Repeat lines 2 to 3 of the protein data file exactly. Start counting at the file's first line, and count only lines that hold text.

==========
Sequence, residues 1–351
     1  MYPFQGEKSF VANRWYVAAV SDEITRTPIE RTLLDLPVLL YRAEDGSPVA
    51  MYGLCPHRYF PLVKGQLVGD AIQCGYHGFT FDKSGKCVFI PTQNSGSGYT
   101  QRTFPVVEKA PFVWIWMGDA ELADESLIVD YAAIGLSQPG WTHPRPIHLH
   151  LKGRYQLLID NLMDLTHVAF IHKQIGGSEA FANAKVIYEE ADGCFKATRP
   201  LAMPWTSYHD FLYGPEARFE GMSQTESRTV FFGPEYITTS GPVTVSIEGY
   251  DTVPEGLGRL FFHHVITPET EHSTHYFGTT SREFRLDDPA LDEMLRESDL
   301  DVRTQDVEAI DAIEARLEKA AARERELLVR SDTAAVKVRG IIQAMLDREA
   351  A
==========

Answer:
     1  MYPFQGEKSF VANRWYVAAV SDEITRTPIE RTLLDLPVLL YRAEDGSPVA
    51  MYGLCPHRYF PLVKGQLVGD AIQCGYHGFT FDKSGKCVFI PTQNSGSGYT